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Researchers have highlighted the need for probation service employers to recognise the potential of the job negatively impacting the work-life balance of probation workers.

Chalen Westaby, Jake Phillips and Andrew Fowler from Sheffield Hallam University explored the subject in a paper published in the European Journal of Probation entitled “Spillover and work-family conflict in probation practice: Managing the boundary between work and home life.”

Challenging and difficult clients


The impact of liaising with challenging and difficult clients, and how that affects probation practitioners’ lives outside the workplace, has rarely been explored in the same way it has for police officers, prison officers and social workers.

Yet the evidence suggests that difficulties arise for practitioners in maintaining a work-life balance and not allowing their professional role to seep into, or impact on, their private and home lives.

The study, compiled from interviews with 18 probation service staff in England, explores the issue of “spillover” from work into home life, with practitioners talking about a “skewed view” of the world, being “changed by the job” especially in terms of parenting practice, and struggling to know how or whether to act on the information obtained through being a probation officer.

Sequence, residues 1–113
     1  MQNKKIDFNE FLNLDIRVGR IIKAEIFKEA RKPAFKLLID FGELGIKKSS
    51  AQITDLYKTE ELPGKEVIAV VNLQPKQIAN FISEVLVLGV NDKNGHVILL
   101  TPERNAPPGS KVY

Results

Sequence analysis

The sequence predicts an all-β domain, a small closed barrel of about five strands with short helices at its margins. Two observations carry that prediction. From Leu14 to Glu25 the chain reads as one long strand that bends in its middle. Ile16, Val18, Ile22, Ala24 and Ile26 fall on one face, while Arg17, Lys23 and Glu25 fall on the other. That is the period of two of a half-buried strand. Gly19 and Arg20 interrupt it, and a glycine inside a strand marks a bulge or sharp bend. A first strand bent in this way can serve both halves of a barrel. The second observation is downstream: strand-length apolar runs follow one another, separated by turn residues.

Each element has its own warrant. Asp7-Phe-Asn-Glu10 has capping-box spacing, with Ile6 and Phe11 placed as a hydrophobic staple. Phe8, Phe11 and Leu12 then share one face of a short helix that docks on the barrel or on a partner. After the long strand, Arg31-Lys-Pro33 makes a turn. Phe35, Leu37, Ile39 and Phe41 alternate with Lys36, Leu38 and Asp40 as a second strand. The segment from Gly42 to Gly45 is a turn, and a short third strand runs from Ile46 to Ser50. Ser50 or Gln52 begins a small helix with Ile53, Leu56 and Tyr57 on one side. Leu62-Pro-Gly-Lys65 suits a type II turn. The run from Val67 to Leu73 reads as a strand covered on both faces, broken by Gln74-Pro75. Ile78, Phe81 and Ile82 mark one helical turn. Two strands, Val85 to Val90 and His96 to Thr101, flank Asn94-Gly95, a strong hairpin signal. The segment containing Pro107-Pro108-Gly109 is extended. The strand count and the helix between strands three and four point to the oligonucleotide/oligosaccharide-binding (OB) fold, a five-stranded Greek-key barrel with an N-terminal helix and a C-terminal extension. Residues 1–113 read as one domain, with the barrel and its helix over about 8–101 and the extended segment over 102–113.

The spillover theory maintains that despite boundaries between work and family, behaviours and emotions from one domain spill over to the other.

Altruistic imaginings


Issues emerging from the study included “desensitisation” and how probation officers become desensitised by dealing with sexual and violent offences as well as problems associated with taking work home or the risk they may meet offenders in the street when out with their family. In this respect, probation work differs from that of prison officers who leave prisoners behind when they go home.

Other areas explored were so-called “altruistic imaginings” where probation officers felt they wanted to help their clients in material ways, “darker imaginings” and the notion of probation as “dirty work”, where practitioners felt “tainted through marshalling the boundary between non-offending and offending communities.”

Steps to improve work-life balance


With findings confirming that ‘work and family lives are interdependent’ and that spillover occurs between work and family lives, the researchers suggested that probation providers as employers should introduce codes of ethics, such as those published by the Probation Institute and BASW, to acknowledge the strain that such work places on practitioners and provide a mechanism to ameliorate the pressures.

With some probation officers proactive in managing the boundary between work and home life, and others not so well equipped to do so, they urge organisations to recognise that work and family are interrelated domains and have a mutual impact on one another.

They argue: “Probation providers need to consider the ramifications of the findings in terms of training, workforce planning, retention and sickness as well as consider the need for organisational policies that enable probation practitioners to negotiate the boundary between work and home life.”

If you’re a probation officer, how do you maintain a positive work-life balance? Please share your thoughts or tips using the comments box below.
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